Align class activities with course learning outcomes
September 23, 2014
Skilled teachers identify clear goals (student learning outcomes) for their course, identify and develop learning activities that create opportunities for students to practice and develop skill on these outcomes, and create assessments that are sensitive to the articulated goals (Blumberg, 2009, 2014; Fink, 2003). Instructors should design each course to support the learning outcomes. Introductory courses might identify SLOs at low levels of Bloom’s taxonomy (e.g., retention and retrieval of facts and other content) whereas advanced undergraduate and graduate courses will identify higher-order thinking skills (e.g., analysis, evaluation, synthesis).
Each decision about course design should be driven by weighing the relative contribution of alternative strategies toward achieving the course SLOs. Do the assigned readings provide the necessary content? What types of class activities will best support the learning goals? How much time should the instructor devote to lecture, in-class writing, group discussion, small groups working on problems together, or other learning activities? Should students write a major paper, complete a project, or make a formal presentation in class?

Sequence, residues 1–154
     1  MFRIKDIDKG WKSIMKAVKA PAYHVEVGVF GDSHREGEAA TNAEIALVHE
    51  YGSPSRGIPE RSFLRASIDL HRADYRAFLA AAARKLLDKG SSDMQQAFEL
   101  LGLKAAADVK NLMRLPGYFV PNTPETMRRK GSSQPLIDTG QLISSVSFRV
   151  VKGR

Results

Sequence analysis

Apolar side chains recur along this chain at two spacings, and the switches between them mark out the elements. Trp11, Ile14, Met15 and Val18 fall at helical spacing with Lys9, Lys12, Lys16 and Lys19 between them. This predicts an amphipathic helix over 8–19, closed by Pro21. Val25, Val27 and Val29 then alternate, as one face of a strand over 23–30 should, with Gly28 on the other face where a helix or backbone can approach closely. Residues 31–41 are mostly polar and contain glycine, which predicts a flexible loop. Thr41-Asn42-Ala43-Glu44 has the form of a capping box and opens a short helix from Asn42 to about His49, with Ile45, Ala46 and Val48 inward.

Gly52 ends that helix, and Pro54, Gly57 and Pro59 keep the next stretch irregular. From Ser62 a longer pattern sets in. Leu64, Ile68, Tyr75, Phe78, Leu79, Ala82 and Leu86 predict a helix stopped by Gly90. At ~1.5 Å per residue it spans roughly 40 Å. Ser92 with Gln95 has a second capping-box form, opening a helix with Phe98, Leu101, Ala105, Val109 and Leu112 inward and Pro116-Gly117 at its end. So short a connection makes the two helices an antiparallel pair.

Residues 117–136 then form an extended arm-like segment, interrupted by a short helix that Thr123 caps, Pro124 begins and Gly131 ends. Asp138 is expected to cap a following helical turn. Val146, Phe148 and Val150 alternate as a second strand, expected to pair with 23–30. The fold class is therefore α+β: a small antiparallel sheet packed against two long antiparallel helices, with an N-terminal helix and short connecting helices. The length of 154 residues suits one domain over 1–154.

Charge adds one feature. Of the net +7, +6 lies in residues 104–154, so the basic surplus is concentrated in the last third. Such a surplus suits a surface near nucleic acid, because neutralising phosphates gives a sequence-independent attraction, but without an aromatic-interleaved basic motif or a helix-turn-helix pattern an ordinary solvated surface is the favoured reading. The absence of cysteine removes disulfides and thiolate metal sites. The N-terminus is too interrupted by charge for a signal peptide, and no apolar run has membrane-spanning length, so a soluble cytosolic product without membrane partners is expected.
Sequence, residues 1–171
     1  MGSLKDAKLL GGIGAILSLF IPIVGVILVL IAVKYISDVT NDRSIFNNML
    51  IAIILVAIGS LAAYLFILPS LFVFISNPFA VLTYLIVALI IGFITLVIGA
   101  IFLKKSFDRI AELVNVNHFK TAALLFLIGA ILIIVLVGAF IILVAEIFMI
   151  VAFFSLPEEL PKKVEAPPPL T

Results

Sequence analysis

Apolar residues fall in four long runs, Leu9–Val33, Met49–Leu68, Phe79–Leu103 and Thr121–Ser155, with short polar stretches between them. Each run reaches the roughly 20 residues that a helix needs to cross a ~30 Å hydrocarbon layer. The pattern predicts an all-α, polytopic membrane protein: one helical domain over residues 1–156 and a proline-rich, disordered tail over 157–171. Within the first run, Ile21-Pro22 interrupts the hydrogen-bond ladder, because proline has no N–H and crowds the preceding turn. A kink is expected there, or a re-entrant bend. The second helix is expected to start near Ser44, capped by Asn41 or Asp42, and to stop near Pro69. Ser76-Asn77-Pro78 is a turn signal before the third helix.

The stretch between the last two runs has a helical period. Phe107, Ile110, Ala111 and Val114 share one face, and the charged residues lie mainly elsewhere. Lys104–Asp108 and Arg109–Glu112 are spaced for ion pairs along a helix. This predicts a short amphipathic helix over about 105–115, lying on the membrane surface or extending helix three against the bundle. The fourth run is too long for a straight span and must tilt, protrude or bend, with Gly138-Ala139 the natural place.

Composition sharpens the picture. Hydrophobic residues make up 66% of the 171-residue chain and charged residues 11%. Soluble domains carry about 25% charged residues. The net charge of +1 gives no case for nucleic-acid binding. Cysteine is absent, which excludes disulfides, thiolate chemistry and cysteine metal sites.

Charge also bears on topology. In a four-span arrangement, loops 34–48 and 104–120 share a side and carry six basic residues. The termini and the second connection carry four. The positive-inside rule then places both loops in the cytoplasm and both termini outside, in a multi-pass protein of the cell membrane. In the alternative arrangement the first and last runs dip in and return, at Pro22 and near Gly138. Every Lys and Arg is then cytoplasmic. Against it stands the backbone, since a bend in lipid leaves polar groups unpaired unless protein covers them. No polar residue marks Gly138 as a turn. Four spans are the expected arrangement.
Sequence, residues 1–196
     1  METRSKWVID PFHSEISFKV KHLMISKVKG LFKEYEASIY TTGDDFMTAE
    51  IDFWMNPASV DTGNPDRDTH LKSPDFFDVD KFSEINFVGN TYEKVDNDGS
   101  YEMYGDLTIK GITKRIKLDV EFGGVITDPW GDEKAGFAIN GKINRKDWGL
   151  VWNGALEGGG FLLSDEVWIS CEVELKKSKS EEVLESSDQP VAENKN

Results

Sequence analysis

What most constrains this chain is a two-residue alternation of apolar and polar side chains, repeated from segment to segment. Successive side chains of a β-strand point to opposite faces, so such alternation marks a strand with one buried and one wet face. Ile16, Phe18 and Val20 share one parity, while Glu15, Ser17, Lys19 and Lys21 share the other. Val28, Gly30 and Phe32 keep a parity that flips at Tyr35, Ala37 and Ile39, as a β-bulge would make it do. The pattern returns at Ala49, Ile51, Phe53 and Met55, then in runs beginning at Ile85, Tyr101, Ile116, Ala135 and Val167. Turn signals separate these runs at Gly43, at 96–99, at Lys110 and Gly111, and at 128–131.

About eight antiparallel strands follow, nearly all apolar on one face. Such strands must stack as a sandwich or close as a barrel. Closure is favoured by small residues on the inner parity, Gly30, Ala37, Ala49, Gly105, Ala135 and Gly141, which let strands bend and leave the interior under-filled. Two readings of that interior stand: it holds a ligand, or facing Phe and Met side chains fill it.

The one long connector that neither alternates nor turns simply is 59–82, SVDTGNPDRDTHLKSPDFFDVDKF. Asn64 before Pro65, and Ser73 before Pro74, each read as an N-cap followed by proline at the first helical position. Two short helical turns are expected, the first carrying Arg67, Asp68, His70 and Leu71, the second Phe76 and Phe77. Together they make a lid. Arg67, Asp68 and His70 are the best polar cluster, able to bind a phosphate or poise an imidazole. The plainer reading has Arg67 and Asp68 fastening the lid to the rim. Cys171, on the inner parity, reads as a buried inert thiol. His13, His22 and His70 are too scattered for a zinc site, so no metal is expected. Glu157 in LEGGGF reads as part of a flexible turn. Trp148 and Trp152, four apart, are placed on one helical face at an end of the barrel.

Courses with different goals and learning outcomes require different designs and learning activities. An introductory course might articulate learning outcomes at lower levels of Bloom’s taxonomy (e.g., SLOs might focus on the retention and retrieval of facts and other content). The appropriate course design might rely on activities that focus on information transmission, such as listening to lectures and reading. In contrast, an instructor will articulate higher-level learning outcomes for more advanced courses (e.g., evaluate evidence related to disciplinary theory, apply disciplinary concepts to solve problems). Courses with higher-level learning outcomes should include learning activities that enable students to practice these skills and receive useful feedback on how they can develop and improve their ability with these skills.
Students learn best when courses are aligned and when instructors clearly explain the relation between intended learning outcomes and the learning activities they include in the course.
For a humorous illustration of a sadly misaligned course, see the Brigham Young University Center for Teaching and Learning video, Professor Dancelot and the Perils of a Misaligned Course.
Blumberg, P. (2009). Maximizing learning through course alignment and using different types of knowledge. Innovative Higher Education, 34, 93-103.
Blumberg, P. (2014). Assessing and improving your teaching: Strategies and rubrics for faculty growth and student learning. San Francisco, CA: Jossey-Bass.
Center for Teaching & Learning (uploaded December 14, 2009). Professor Dancelot and the Perils of a Misaligned Course.
CUTLA web site (nd). Writing student learning outcomes for course syllabi.
Fink, L. D. (2003). Creating significant learning experiences. San Francisco, CA: Jossey-Bass.
Updated: 4-1-15 ecr
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